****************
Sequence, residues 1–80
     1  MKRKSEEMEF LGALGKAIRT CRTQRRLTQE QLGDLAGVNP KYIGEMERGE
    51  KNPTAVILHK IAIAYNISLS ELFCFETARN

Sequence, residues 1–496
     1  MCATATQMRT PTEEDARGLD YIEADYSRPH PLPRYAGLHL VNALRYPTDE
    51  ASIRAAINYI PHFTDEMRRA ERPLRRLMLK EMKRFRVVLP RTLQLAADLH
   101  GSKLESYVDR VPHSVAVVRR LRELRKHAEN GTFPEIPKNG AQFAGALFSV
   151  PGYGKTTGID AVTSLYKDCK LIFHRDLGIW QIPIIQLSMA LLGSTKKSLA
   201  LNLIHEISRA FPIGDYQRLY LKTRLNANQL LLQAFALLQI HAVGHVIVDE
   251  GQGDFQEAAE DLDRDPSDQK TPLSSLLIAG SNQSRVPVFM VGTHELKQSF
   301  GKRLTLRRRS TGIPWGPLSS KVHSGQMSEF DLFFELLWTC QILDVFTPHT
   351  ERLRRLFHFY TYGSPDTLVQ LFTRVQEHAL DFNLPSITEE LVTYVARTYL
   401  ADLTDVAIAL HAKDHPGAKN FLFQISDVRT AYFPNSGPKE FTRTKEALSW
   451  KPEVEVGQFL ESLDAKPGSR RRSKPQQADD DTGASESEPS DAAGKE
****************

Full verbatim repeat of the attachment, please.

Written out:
Sequence, residues 1–80
     1  MKRKSEEMEF LGALGKAIRT CRTQRRLTQE QLGDLAGVNP KYIGEMERGE
    51  KNPTAVILHK IAIAYNISLS ELFCFETARN

Sequence, residues 1–496
     1  MCATATQMRT PTEEDARGLD YIEADYSRPH PLPRYAGLHL VNALRYPTDE
    51  ASIRAAINYI PHFTDEMRRA ERPLRRLMLK EMKRFRVVLP RTLQLAADLH
   101  GSKLESYVDR VPHSVAVVRR LRELRKHAEN GTFPEIPKNG AQFAGALFSV
   151  PGYGKTTGID AVTSLYKDCK LIFHRDLGIW QIPIIQLSMA LLGSTKKSLA
   201  LNLIHEISRA FPIGDYQRLY LKTRLNANQL LLQAFALLQI HAVGHVIVDE
   251  GQGDFQEAAE DLDRDPSDQK TPLSSLLIAG SNQSRVPVFM VGTHELKQSF
   301  GKRLTLRRRS TGIPWGPLSS KVHSGQMSEF DLFFELLWTC QILDVFTPHT
   351  ERLRRLFHFY TYGSPDTLVQ LFTRVQEHAL DFNLPSITEE LVTYVARTYL
   401  ADLTDVAIAL HAKDHPGAKN FLFQISDVRT AYFPNSGPKE FTRTKEALSW
   451  KPEVEVGQFL ESLDAKPGSR RRSKPQQADD DTGASESEPS DAAGKE